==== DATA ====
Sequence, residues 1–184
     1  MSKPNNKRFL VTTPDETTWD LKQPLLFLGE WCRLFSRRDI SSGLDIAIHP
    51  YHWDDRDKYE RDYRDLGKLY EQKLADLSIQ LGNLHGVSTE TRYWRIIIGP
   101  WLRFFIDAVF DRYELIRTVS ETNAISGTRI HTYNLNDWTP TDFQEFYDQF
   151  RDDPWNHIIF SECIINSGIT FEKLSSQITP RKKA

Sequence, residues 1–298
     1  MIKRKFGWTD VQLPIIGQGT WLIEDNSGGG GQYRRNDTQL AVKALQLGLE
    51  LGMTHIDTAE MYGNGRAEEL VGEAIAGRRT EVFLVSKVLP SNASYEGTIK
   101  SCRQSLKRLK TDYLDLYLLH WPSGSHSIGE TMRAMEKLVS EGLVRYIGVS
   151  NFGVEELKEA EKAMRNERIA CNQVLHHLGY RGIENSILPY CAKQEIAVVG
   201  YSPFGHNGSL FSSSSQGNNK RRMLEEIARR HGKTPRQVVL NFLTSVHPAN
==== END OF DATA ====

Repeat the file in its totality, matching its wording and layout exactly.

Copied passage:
Sequence, residues 1–184
     1  MSKPNNKRFL VTTPDETTWD LKQPLLFLGE WCRLFSRRDI SSGLDIAIHP
    51  YHWDDRDKYE RDYRDLGKLY EQKLADLSIQ LGNLHGVSTE TRYWRIIIGP
   101  WLRFFIDAVF DRYELIRTVS ETNAISGTRI HTYNLNDWTP TDFQEFYDQF
   151  RDDPWNHIIF SECIINSGIT FEKLSSQITP RKKA

Sequence, residues 1–298
     1  MIKRKFGWTD VQLPIIGQGT WLIEDNSGGG GQYRRNDTQL AVKALQLGLE
    51  LGMTHIDTAE MYGNGRAEEL VGEAIAGRRT EVFLVSKVLP SNASYEGTIK
   101  SCRQSLKRLK TDYLDLYLLH WPSGSHSIGE TMRAMEKLVS EGLVRYIGVS
   151  NFGVEELKEA EKAMRNERIA CNQVLHHLGY RGIENSILPY CAKQEIAVVG
   201  YSPFGHNGSL FSSSSQGNNK RRMLEEIARR HGKTPRQVVL NFLTSVHPAN